Greg Blackmon is a new choreographer and DanceWorks Chicago alum. DanceWorks Chicago was founded in 2007 and gives early career artists an environment where they can build a foundation and hone their artistry through training, collaboration, performances and mentoring opportunities. They also showcase work from established choreographers.
Greg recently choreographed “PACK: And for All the Lost Ones” for DanceChance, a showcase which features choreographers chosen by chance. Afterwards, his piece was taken into the DWC repertoire – marking the first time that DWC dancer has become a DWC choreographer.
“PACK: And for All the Lost Ones” will make its premiere with DWC on Sunday, November 16 at DanceMoves.
What inspired your piece “Pack: And for All the Lost Ones”?
The piece is actually about a friend of mine and former DWC dancer, Marco Antonio Huicochea Gonzalez, who passed away during his time with us. It was a really rough loss for all of us, and after a few months of reflection I decided I would like to honor him through the art form we got to share with one another. So I dropped my name into the fishbowl at Dance Chance and wound up getting selected, which allowed this idea to come to fruition.
What music did you chose for this piece?
I chose a song by an Icelandic band called Sigúr Ros, “All Alright.” I’d heard it when a friend of mine used it years before for a piece of his own and I’ve always been in love with the juxtaposition of the music’s reflective, emotional tone and its instrumental minimalism.
What style is “Pack: And for All the Lost Ones”?
I would consider the piece to be contemporary. I’ve implemented some ballet principles, but re-imagined and reconfigured them to fit more organic movement.
What is your choreographic process like?
Since I’m just starting out, I think I’ll say my process from piece to piece will be different every time. I like to believe every task– not just in dance, but in life in general– has a formula specific to itself that will breed the most success in terms of what your goals are. This piece started with me taking a lot of note from the emotional displays of animals, mainly dogs/wolves, and fusing that honesty and the body language with styles of contemporary movement that I love.
When did you find out that “Pack: And for All the Lost Ones” was going to be added to the DWC rep?
A few weeks after Julie saw the piece at Dance Chance, she asked if Matt (the other original dancer and a current DWC company member) and I would like to perform “Pack…” at the Dance for Life kickoff gala this summer, which was exciting in itself because so many people that I admire in the dance world got to see it. And then about 3 or 4 weeks after that, Julie asked if we could meet to discuss how it would work its way into the DWC repertoire.
How did you feel when found this out?
I was absolutely ecstatic! This was my first creation as a professional choreographer, and I didn’t even aspire for it to be anything more than what it was– a short, sweet dedication to a very dear friend and to the family that I’ve found in DanceWorks Chicago, as well as a sort of memorial for everyone who’s ever been lost from this world (because everyone means something to someone. And everyone is loved very dearly by someone.). And it’s grown into something that a ton of other people will get to see and hold dear to their hearts because of one idea that I had.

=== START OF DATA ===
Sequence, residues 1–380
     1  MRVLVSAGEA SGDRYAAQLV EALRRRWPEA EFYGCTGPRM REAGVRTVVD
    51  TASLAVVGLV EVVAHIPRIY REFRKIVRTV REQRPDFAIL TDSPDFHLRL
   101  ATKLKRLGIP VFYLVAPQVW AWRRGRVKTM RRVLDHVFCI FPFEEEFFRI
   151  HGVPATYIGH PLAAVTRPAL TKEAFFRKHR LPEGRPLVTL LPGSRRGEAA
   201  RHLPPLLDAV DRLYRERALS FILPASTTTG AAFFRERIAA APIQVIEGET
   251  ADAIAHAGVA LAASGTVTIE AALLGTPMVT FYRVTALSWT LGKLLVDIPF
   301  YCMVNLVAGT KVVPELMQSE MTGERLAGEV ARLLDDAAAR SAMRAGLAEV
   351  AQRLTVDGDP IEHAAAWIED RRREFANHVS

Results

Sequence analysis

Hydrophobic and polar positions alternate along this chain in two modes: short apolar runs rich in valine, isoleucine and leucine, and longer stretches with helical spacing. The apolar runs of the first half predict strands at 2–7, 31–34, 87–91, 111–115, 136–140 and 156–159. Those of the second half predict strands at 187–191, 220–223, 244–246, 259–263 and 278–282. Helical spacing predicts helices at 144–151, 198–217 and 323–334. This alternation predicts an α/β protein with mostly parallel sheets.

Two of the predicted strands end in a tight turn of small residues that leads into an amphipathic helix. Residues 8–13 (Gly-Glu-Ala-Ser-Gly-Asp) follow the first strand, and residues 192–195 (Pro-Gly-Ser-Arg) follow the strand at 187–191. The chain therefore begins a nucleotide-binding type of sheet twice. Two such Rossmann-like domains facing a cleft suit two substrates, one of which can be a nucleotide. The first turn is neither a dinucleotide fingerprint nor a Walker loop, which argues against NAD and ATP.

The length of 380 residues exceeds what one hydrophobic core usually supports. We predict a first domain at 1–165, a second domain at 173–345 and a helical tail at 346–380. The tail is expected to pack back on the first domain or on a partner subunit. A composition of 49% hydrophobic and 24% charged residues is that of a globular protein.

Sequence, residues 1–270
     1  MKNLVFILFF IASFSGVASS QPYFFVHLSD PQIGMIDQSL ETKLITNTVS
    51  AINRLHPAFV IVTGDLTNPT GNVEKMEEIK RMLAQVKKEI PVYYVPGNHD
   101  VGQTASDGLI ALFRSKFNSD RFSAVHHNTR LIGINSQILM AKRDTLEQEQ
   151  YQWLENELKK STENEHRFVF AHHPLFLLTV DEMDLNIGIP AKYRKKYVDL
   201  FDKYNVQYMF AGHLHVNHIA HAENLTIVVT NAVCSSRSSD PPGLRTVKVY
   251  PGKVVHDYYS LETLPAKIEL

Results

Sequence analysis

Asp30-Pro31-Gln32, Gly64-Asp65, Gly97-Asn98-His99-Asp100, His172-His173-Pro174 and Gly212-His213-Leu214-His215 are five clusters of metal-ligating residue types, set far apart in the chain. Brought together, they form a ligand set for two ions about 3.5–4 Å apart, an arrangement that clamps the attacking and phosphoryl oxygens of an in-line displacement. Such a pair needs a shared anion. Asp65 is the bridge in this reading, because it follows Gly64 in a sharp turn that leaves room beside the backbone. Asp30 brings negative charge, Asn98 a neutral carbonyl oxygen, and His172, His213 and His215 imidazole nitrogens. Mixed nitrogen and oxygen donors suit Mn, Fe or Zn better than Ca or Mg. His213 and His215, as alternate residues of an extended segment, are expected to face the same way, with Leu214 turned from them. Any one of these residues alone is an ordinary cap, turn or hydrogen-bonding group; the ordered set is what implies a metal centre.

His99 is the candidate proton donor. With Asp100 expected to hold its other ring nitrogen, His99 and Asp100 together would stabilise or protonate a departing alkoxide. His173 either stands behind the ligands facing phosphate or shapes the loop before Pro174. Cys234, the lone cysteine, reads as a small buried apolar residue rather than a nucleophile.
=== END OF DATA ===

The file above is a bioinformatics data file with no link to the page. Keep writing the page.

What did you learn during your time at DanceWorks Chicago and how has it helped you?
I could write a book on everything that I’ve learned here. One of the most important things is that you really are a person first and THEN an artist. I think a lot of dancers can get really caught up in the idea of this art form we dedicate our lives to and all of the prestige surrounding the mental and physical dedication it takes, and we forget that we have to be people inside of the movement. Otherwise, you’re just someone else who can throw a leg up or point your foot and pretend to say something, or imply an idea, but never really say anything…never really give it meaning.
I’ve also learned to be more patient and a bit less of a perfectionist. I’ll never forget Julie Nakagawa pulling me aside one day while we were on your and telling me “Just do the work. Don’t fuss or obsess about the mistakes. Just… do… the work. That’s really all anyone can ask of you. But you have to really do it.”
What are some of your dance goals and dreams for the future?
I think my biggest dream for the future is to continue exploring movement and manifesting both my own ideas and the ideas of others through dance. It’s so much fun translating something as abstract as a simple thought into something as tangible as dance. And I love knowing that the things I can put on a stage will touch each audience member in a way that’s unique to them and their experience, because that’s what art does. It stirs people in a multitude of ways and the beauty of it lies in the undeniable sincerity of their response.